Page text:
The European Digital single market strategy and especially the subtopic of online platforms fits well into the above-mentioned discussion. Issues addressed under these activities include for example concerns about how online platforms collect and make use of users’ data, the fairness in business-to-business relations between online platforms and their suppliers, consumer protection and the role of online platforms in tackling illegal content online.

Guidance on how to prepare a data balance sheet is provided by for example the Finnish Data Protection Ombudsman in English and Finnish.

Selected articles and websites

General Data Protection Regulation (EU) 2016/679 – EUR-Lex
European Data Protection Supervisor: Accountability
European Commission: Digital single market – Online platforms
Valtioneuvoston kanslia: Avoimen datan hyödyntäminen ja vaikuttavuus
Liikenteen turvallisuusvirasto Trafi: Tietotilinpäätös 2016
Väestörekisterikeskus: Tietotilinpäätös
Data Protection Ombudsman: Prepare a data balance sheet
TechRepublic: Data’s new home: Your company’s balance sheet

Heidi Auvinen

Research Scientist VTT Technical Research Centre of Finland Ltd
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Persuasive computing

In the aftermath of the US election, the power of social media filter bubbles and echo chambers has again evoked discussion and concern. How much can algorithms influence our behaviour?

Why is this important?

Data is a key part of the functioning of any platform, and analysis and filtering of data streams allows, for example, tailoring of the platform’s offering based on user data. This is evident in content platforms such as Facebook or Youtube, which learn from your behaviour and customise the user view and suggested contents accordingly. This filtering for personalised experience is valuable and helps the user navigate in their areas of interests, but there are also various drawbacks.  Filtering and especially its invisibility can cause ‘filter bubbles’, where the user experience is threatened to limit to information that reinforces existing beliefs. This leads to polarization. What is even more troubling is that the algorithms can be tweaked to manipulate the feelings of users, according to a 2014 study done by Facebook without the users knowing.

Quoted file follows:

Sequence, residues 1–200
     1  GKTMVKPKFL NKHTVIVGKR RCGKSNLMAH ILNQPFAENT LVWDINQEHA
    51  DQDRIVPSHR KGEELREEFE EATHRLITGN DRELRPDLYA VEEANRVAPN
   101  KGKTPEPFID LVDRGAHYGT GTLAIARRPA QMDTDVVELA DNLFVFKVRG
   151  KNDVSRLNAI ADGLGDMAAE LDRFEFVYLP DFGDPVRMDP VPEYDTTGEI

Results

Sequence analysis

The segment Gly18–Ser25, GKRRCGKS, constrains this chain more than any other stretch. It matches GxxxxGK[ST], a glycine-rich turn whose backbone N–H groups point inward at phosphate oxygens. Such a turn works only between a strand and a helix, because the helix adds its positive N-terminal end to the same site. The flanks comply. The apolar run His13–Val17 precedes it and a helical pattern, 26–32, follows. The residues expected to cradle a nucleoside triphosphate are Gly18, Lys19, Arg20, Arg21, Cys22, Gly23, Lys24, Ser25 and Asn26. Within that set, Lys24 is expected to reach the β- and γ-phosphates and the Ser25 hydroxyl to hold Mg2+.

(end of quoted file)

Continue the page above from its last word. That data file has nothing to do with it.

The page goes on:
Things to keep an eye on

The debate is now on-going as to how much algorithms can affect our actions. Some claim that the analysis and manipulation of social media feeds was instrumental in the US elections, while some say that the claims are overrated and the hype mostly benefits the analytics companies. In any case, the filtering of data is not inconsequential and there are increasing calls for more transparency to the filtering algorithms as well as for the ownership of the behavioural data collected through platforms. In part this issue becomes more and more topical with the advances in artificial intelligence, which makes data analysis more sophisticated and accessible. There are also interesting experiments – often with artistic goals – in confusing the algorithms in order to make the data they collect unusable by the platform owner.

Selected articles and websites

Will Democracy Survive Big Data and Artificial Intelligence?
The Rise of the Weaponized AI Propaganda Machine
The Truth About The Trump Data Team That People Are Freaking Out About
Robert Mercer: the big data billionaire waging war on mainstream media
How to hide your true feelings from Facebook
Persuading Algorithms with an AI Nudge

Mikko Dufva

Research Scientist VTT Technical Research Centre of Finland Ltd
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Use cases of AI for platforms

Why is this important?

There is currently a lot of hype around artificial intelligence (AI), but what opportunities does it offer for platforms? Roughly put: intelligent interfaces, comprehensive collection and advanced analysis of data. Chatbots and other conversational interfaces offer a natural way for people to communicate with a service offered by the platform, either via typing or voice. AI can offer customer service, online tutoring, expert advice or even a personal assistant. In the background it can go through massive amounts of data and recognise patterns. This has applications from health diagnosis to extracting information from street signs and from combating fraud to identifying key “influencers” of social media. The more data is fed to AI, more capable it gets.

Things to keep an eye on